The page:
No one recorded when or why the Liberty Bell first cracked, but the most likely explanation is that a narrow split developed in the early 1840's after nearly 90 years of hard use.   In 1846, when the city decided to repair the bell prior to George Washington's birthday holiday, metal workers widened the thin crack to prevent its farther spread and restore the tone of the bell using a technique called "stop drilling".  The wide "crack" in the Liberty Bell is actually the repair job! Look carefully and you'll see over 40 drill bit marks in that wide "crack".  But, the repair was not successful.  The Public Ledger newspaper reported that the repair failed when another fissure developed. This second crack, running from the abbreviation for "Philadelphia" up through the word "Liberty", silenced the bell forever. No one living today has heard the bell ring freely with its clapper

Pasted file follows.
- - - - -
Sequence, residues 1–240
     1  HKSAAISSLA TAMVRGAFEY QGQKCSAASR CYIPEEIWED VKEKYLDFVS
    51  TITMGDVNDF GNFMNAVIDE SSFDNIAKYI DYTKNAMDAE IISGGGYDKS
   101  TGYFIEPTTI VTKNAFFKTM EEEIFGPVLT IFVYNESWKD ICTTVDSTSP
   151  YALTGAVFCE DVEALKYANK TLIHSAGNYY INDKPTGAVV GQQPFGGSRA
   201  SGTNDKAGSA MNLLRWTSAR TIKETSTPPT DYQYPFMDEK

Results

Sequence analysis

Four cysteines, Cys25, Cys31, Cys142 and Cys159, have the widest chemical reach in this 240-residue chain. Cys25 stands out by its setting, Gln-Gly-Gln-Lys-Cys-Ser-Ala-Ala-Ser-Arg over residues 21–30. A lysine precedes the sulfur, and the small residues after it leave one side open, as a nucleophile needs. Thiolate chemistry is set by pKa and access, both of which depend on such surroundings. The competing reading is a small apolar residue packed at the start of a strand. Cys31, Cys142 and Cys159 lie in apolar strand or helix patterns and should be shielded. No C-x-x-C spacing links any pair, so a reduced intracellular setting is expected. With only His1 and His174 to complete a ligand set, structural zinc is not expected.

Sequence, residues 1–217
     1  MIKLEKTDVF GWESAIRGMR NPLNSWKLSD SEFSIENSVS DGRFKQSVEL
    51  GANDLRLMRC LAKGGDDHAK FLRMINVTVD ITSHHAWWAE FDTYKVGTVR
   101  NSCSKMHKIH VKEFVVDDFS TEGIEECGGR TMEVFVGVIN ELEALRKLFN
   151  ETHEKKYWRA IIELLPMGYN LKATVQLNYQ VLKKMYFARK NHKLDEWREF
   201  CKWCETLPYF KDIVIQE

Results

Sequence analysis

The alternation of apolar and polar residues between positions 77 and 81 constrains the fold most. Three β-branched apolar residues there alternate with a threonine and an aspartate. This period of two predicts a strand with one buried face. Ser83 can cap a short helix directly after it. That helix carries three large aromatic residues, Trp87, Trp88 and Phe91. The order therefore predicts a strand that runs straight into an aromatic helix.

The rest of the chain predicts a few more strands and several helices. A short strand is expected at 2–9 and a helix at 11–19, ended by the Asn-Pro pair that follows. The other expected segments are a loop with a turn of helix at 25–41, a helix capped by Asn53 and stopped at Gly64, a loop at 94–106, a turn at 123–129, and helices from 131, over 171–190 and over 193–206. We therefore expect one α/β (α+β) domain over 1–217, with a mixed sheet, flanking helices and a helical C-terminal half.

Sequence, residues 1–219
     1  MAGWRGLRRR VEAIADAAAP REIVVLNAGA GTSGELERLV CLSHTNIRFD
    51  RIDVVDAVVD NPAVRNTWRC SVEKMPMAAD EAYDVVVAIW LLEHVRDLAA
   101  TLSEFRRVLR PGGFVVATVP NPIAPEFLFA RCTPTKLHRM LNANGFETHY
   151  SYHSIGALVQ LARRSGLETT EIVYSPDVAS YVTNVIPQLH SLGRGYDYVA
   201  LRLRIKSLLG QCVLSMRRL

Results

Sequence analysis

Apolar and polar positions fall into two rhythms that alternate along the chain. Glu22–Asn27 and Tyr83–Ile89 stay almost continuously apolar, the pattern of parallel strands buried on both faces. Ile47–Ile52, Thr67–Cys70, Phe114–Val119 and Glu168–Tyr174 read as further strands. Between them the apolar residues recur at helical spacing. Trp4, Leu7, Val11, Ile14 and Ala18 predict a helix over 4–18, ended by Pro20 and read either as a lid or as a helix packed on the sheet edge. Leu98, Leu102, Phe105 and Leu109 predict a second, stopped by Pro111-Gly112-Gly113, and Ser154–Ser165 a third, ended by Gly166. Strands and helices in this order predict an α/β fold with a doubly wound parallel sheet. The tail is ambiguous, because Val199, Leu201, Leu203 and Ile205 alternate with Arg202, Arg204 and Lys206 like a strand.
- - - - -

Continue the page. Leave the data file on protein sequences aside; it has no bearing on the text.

At the completion of today our coach will whisk us back to the ever popular hospitality room.




3.) Wednesday, October 3rd    $75 per person (Lunch Included)  8:30AM Departure
- Submarine USS Becuna,   Cruiser USS Olympia  and the battleship USS New Jersey

Launched in 1944, Becuna (SS-319) completed five wartime patrols in the Pacific.   Becuna is a BALAO-class submarine built in New London, CT. During World War II, "Becky" prowled the Pacific Ocean for Japanese ships.   Converted in 1951 to a Guppy 1A type with sophisticated radar and torpedo equipment, she is the only Guppy 1-A submarine on display.USS Becuna (SS 319)

Becuna was decommissioned in 1969 and has been part of Independence Seaport Museum's Historic Ship Zone since 1996.  Becuna is a National Historic Landmark and is on the National Register of Historic Places.  In 2001, Becuna received the American Welding Society's Historical Welded Structure Award and is an official project of Save America's Treasures.